What you are looking for will require a fair bit of compromise if you only want just one boat. Tandem canoes that can easily be paddled solo tend to be not that good for either solo or tandem paddling, thought that’s not true for every type of solo or tandem use (and “type of use” includes the size and nature of the paddler/paddlers himself/themselves, and smaller, lightweight people have a big advantage when it comes to “pocket tandem” canoes). It’s true that there was a time when lots of people solo-paddled tandem canoes, but that was before dedicated solo canoes became so widely available, and even then, solo paddling of tandem canoes was never done well by anyone other than experts, so for most of us, solo paddling in canoes is best done in boats made for that. To do all that you wish, ideally you would have two boats, and perhaps one of the two boats could still be a kayak.
The question of double-blade paddle versus single depends mostly on how much effort you wish to put into learning good technique. Single-blade paddling isn’t something you just pick up naturally in a short time. I made up my mind from the start that the single-blade was what I wanted to use, but it was very frustrating at first and it took me a whole year of frequent, dedicated practice before my technique was even remotely efficient, and another year to get reasonably good at some of the more nuanced stuff. Years later, I’m no expert, but to most people at least, it tends to look like I know what I’m doing Of course, it takes very little time at all to learn crappy single-blade technique that gets you where you are going in simple conditions, and for a lot of people that’s enough. For even more, the double-blade is the only method they ever consider for solo paddling. It’s all up to you.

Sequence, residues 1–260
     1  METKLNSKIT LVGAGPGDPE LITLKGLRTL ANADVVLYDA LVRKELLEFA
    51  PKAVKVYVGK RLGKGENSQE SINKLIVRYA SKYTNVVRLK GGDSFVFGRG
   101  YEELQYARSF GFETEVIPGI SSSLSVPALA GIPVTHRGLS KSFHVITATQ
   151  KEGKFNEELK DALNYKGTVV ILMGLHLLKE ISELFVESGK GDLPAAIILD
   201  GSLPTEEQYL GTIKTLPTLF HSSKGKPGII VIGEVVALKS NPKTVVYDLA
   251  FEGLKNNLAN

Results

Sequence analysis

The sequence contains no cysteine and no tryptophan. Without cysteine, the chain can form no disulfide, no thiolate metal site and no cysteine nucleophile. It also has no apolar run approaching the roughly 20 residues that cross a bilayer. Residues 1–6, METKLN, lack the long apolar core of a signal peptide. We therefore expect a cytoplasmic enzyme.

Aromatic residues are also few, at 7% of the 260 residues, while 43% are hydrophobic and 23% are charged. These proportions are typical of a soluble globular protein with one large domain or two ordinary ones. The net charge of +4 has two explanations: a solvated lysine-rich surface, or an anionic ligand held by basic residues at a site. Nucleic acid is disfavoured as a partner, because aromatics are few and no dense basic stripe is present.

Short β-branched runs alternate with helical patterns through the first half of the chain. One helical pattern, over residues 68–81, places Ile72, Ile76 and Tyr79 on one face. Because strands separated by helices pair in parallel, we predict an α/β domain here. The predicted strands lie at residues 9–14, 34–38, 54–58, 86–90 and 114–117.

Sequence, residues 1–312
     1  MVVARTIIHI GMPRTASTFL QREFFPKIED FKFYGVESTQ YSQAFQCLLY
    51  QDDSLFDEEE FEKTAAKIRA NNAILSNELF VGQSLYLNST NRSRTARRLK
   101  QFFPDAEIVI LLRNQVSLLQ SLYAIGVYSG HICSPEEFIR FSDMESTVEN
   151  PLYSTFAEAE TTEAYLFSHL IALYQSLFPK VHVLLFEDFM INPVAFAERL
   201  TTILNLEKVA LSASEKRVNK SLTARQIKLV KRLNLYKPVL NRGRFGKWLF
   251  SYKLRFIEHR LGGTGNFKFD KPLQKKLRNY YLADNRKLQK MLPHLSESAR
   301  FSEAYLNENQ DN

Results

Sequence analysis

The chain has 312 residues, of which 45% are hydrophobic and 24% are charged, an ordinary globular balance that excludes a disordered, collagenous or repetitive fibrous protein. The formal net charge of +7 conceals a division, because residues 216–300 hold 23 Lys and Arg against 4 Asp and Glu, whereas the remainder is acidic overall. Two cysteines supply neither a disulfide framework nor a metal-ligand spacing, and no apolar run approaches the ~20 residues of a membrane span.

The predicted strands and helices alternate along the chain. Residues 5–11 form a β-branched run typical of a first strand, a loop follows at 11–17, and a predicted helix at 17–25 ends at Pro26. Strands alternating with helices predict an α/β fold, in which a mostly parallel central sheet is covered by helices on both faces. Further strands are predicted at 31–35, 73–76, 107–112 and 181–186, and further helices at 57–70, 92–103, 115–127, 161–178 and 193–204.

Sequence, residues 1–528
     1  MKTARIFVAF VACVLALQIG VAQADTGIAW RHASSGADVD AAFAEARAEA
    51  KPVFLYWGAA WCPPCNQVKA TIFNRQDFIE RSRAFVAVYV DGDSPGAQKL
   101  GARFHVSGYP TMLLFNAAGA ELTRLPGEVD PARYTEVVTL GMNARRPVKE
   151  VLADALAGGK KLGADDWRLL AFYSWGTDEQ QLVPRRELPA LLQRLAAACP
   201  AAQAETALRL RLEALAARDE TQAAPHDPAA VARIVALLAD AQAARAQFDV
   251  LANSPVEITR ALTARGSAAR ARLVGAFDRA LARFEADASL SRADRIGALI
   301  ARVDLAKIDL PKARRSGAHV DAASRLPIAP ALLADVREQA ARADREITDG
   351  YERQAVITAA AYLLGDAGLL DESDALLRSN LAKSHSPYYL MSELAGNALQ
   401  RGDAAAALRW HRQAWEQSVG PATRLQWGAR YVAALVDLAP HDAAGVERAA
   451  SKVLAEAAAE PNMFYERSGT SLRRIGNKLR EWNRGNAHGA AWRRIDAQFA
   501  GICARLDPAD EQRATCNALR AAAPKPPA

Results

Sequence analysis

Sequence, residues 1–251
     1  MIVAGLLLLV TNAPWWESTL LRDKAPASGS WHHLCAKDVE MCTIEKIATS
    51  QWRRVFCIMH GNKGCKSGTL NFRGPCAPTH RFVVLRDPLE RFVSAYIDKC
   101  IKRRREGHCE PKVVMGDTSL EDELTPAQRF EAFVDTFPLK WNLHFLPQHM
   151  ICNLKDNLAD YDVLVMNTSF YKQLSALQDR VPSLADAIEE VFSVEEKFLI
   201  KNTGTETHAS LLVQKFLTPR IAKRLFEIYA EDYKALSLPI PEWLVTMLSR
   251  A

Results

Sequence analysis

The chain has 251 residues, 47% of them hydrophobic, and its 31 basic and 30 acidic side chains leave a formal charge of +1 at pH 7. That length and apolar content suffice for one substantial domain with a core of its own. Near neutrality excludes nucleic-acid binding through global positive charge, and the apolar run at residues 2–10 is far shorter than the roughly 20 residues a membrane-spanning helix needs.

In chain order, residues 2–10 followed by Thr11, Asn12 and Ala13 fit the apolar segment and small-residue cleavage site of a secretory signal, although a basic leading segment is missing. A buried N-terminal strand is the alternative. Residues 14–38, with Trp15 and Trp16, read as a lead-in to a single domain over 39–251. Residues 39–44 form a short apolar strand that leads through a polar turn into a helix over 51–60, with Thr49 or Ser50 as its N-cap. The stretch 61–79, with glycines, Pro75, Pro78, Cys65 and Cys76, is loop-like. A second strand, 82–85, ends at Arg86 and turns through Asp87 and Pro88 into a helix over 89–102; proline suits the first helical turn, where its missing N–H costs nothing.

There are a whole host of solo canoes that would fit the bill for solo paddling (though I’m leaving out consideration of the dog since there’s no indication yet regarding its size and temperament), and a few small tandems which may or may not be pretty good, depending on the type of use and paddler size, such as the Wenonah Solo Plus or the old Bell Morningstar. Sometimes the best thing is to decide which is your primary purpose and get some kind of boat that fits the bill for that, figuring that you can switch boats or add boats later on. That’s a case where you might see something for sale, and come back here with a question about using that boat for a particular purpose. Otherwise, the list of recommendations could be nearly endless.
I agree with Bob about strainers and boat control, and would add that learning to understand current falls under “boat control” too. For most situations where someone ends up in a strainer, the problem should be recognizable well in advance of when it actually happens, and if your wife thought of it in that way instead of thinking of it as an awful thing that happened, it probably wouldn’t be something that keeps her off the water now (though that gets into stuff that’s well outside of the obvious topic).